How Long Do Pending Transactions Take To Post

How and where to cash a cashiers check

By Jeff Smith
Reviewed by Ana Gonzalez-Ribeiro, AFC®

If you notice a pending transaction on your credit card, you may wonder what your account balance really is. How much money is in your bank account and how much credit is truly available to you? We’ll explain what pending transactions are, how long pending transactions take to post, and how to cancel a pending transaction.

What is a pending transaction?

A pending transaction is a transaction that hasn’t been completely processed yet. It impacts your available credit. For instance, if you have $2,000 in available credit and reserve a hotel room for a pre-authorization of $120, your available credit will drop to $1,880, even though you have yet to be charged.

When you authorize a purchase by using your debit or credit card, the merchant sends a request to your bank to release the funds. Once the bank releases the funds, the transaction is no longer pending. It becomes a posted transaction.[1]

Pending transactions become posted when they’re approved.

Reasons why you may have a pending transaction

Pending charges may involve transactions for which the amount hasn’t been finalized — for example, if you tipped at a restaurant.[2]

Another example is a hold placed on your credit card. This might be done to guarantee a booking or used as collateral by a car rental company. Such a hold covers the cost of any potential damage and is released when the car is returned undamaged.

If you choose to pay with the same card you used to make your reservation, your balance will change once the transaction has posted. In some instances, however, you may choose to use a different payment method than the card you used to secure your reservation. In this case, the hold will be lifted, and your available credit will be restored to its previous level.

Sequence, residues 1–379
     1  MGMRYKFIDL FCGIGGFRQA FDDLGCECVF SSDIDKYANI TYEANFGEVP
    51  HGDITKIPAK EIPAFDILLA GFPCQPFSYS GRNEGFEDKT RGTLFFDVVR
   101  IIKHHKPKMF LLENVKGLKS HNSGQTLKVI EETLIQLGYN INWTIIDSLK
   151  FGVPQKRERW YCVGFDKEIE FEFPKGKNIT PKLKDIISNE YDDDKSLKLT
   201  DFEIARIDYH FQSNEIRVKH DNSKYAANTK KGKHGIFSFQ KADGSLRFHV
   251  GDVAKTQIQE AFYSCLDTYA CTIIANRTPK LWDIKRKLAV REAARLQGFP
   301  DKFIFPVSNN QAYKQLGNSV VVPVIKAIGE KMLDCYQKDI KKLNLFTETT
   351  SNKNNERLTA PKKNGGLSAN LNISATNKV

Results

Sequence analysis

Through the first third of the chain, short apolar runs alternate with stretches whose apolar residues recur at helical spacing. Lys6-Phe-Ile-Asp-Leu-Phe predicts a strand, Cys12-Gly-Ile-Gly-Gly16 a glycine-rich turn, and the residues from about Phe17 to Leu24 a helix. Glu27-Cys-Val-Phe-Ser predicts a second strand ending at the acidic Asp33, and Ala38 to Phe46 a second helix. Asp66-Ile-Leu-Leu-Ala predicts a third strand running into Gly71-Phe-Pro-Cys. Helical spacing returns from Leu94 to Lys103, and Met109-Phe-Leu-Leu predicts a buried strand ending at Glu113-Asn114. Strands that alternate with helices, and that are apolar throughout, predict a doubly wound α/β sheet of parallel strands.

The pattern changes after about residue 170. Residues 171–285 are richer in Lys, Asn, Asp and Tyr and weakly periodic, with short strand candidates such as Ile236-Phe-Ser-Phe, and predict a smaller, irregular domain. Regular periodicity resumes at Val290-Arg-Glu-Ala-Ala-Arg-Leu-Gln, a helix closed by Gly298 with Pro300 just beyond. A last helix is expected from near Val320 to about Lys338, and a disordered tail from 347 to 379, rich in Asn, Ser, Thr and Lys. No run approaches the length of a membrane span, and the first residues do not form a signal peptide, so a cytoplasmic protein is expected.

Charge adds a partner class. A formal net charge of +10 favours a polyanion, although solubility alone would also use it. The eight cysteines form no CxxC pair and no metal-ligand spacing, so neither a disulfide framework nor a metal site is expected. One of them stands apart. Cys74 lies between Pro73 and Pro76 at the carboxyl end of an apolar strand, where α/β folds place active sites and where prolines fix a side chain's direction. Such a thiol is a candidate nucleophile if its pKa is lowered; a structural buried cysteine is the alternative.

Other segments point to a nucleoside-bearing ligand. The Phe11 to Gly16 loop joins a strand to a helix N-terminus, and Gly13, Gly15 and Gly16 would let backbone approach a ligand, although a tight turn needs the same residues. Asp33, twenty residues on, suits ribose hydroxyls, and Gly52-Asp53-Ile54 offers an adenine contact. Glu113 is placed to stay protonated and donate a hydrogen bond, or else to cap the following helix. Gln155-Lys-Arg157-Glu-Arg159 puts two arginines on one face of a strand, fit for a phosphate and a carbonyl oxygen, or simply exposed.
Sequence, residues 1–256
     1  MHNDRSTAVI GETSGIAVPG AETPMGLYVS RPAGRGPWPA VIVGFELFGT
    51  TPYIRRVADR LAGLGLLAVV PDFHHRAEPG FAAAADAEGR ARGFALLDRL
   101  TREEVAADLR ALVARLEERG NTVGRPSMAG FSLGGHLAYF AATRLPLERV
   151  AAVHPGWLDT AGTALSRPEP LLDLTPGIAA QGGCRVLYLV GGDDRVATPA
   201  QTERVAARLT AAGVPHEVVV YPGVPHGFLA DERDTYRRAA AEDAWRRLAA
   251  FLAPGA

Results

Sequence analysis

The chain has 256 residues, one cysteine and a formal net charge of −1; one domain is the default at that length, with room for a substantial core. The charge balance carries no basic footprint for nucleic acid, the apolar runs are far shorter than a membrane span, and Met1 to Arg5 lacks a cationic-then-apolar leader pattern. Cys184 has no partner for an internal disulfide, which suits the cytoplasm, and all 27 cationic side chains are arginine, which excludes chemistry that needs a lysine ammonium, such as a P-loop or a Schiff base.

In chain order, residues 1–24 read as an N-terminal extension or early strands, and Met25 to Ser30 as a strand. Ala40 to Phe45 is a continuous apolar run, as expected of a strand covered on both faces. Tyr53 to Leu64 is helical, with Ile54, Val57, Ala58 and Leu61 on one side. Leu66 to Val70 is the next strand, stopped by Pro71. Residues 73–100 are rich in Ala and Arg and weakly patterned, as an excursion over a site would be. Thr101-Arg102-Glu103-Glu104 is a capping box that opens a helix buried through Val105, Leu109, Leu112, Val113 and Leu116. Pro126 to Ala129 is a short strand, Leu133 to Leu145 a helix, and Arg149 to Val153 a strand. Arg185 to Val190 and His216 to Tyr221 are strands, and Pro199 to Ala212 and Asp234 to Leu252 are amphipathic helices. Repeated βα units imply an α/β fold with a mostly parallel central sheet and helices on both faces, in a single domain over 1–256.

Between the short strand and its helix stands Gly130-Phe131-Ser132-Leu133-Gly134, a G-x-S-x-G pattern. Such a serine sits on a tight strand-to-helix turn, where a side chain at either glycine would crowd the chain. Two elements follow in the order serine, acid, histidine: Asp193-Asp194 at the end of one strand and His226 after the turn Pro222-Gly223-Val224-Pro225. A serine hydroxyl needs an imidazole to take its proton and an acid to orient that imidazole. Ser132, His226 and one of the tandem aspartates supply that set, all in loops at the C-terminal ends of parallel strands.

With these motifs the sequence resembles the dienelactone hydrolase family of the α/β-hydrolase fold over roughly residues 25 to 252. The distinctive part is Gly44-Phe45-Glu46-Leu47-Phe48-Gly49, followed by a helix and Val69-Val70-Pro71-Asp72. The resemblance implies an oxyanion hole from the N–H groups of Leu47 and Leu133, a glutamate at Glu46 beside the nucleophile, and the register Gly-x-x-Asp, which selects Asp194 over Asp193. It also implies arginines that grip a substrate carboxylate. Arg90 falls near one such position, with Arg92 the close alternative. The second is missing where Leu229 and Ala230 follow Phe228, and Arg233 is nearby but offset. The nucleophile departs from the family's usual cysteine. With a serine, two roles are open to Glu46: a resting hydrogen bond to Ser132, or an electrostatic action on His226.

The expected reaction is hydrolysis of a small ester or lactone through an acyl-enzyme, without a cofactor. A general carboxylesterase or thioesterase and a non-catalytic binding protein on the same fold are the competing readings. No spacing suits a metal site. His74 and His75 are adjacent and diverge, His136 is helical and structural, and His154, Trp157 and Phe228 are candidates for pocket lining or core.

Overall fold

How long do pending transactions take to post?

A credit card transaction is generally pending for one to five business days.

Bank of America says a pending transaction on debit cards can take three to five business days to post. The time depends, to some extent, on how the debit card is used. Transactions via phone, the internet, or mail order tend to take longer to post.[3]

How to cancel a pending transaction

If you want to cancel a pending credit card or debit card transaction, your first instinct may be to call your bank or financial institution and ask them to block it. But you’re more likely to succeed if you ask the merchant with whom you made the transaction to reverse it. This is because your bank generally can’t do anything about a pending transaction until it has been posted.

The merchant, however, can cancel the transaction by contacting your bank or card issuer.

If, on the other hand, you don’t recognize the pending transaction and believe it was made fraudulently, you should contact your bank or card issuer immediately. You will probably be asked to cancel your card and have a new one issued to you.

PayPal transactions work a little differently. If the email or phone number you’ve sent a payment to doesn’t belong to someone with a verified PayPal account, you can use the “Activity” section of your account to cancel the payment. Scroll down to find the payment you want to void. Then click the word “Cancel” and confirm by clicking the “Cancel Payment” button.[4]

Unfortunately, many forms of PayPal transactions can’t be canceled because they’re processed immediately. If you sent a payment that requires the recipient to actively claim it, you may be able to get your money back. PayPal will cancel any payment that goes unclaimed after 30 days and puts the money back in your account.[4]

How long do pending transactions take asset 1

Disputing a posted transaction

If you are unable to cancel a pending transaction, you still have the option of disputing the transaction once it has posted. You may want to do this if you were charged for something you don’t recognize (potential fraud), charged for something you did not receive, or if the item was damaged.

First, try contacting the seller. If the goods are damaged or were not received, the seller may refund your money or issue a replacement. If you do contact the seller, keep a dated record of whom you spoke with and, if you reach an understanding, check your credit card statement to ensure your account has been credited properly.